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Starting Applications

Q: How Can I Start an Application I Downloaded?

I installed an application I downloaded, and everything seemed to go fine, but I still get "command not found" when I type its name. I think I have the right name, so why won't it start?

A: Starting Applications

If you're trying to start an application from the shell prompt and it isn't working, try adding ./ before the name of the application's executable.

For example, you've downloaded a setiathome client and want to try it out. You follow the directions for installing the software. Now you change to the directory in which you know the executable can be found (as shown below).

cd setiathome

To start the application now, precede the executable with a ./ as shown below:


Briefly, the reason you need to use the ./ in order to start the application is because the executable wasn't placed in a directory where your shell knew it could be found (such as /usr/bin).

In such instances, you often have to go into the directory which holds the executable and start the application from there. That means you'll have to tell your shell where it can find the executable; adding ./ tells bash the executable can be found in the current working directory.

You can customize your settings so that you won't be required to use the ./ each time. See the following for more information on how to accomplish this.

Editing Your PATH

If you want to periodically start programs without having to enter a ./ before the executable, you'll have to edit a file.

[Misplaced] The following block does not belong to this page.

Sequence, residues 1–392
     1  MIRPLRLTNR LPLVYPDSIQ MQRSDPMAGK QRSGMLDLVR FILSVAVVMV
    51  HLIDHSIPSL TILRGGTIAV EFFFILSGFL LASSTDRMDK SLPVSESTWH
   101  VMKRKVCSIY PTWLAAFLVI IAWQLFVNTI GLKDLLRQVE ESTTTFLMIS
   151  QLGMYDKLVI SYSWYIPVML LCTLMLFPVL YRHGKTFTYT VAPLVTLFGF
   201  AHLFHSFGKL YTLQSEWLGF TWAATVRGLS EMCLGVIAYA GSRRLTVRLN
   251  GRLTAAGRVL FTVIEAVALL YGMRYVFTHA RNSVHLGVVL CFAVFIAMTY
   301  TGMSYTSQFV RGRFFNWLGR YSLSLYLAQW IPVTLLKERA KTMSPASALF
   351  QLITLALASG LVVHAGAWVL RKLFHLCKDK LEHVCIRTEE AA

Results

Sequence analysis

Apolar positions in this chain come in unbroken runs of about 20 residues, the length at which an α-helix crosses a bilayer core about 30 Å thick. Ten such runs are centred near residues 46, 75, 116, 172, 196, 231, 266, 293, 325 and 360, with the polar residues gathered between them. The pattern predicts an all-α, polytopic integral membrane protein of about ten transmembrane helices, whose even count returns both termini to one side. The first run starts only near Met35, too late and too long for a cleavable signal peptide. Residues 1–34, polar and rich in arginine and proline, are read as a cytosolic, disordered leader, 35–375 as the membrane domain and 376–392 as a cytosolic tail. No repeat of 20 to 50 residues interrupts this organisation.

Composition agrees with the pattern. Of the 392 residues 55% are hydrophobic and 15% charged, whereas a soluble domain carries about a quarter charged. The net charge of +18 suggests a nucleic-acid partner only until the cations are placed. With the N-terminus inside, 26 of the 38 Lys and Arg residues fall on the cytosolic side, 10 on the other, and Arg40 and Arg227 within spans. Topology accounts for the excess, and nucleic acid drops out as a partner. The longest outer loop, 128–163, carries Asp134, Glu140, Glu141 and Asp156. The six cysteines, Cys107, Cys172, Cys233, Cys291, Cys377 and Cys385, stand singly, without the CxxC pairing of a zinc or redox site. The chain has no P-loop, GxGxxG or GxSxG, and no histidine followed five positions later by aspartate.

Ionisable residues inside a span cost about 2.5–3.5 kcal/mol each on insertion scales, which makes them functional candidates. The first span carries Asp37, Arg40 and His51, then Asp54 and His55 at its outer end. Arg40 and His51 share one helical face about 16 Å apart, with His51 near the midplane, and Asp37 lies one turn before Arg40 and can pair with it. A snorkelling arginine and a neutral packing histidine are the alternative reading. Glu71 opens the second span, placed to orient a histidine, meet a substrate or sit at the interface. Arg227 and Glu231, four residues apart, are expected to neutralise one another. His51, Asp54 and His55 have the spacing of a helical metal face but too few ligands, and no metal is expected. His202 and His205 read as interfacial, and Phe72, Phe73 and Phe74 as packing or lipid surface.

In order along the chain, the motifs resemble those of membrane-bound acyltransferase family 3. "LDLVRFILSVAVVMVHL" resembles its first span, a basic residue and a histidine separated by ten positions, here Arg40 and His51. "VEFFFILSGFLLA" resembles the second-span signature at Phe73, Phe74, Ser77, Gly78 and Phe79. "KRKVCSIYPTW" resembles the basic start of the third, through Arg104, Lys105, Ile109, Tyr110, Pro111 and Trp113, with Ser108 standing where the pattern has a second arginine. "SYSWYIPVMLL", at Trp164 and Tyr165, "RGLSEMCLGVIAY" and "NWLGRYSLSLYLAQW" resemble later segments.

You'll have to add the current working directory (signified by the .) to the list of directories in your PATH environment variable. This will let the shell know that it can start applications in the directory in which you're currently working.


Be Careful With Root Files


These instructions are intended only for user accounts. Avoid modifying files such as root's .bash_profile, because of the potential security risks.

Start a text editor, such as pico, at a shell prompt. You can open the file called .bash_profile by typing the following:

pico .bash_profile

You'll see a PATH statement, similar to the one shown below.


To the end of this statement, add ./ as shown below


Now, type [Ctrl]-[x]; you'll be asked whether you want to save "the modified buffer" (that's what Pico calls an updated file); type [y] for "yes." Next, you'll see the name the file will be saved as; press the [Enter] key.

Now, you should never have to manually add ./ to the beginning of an executable to start an application located in your current working directory.

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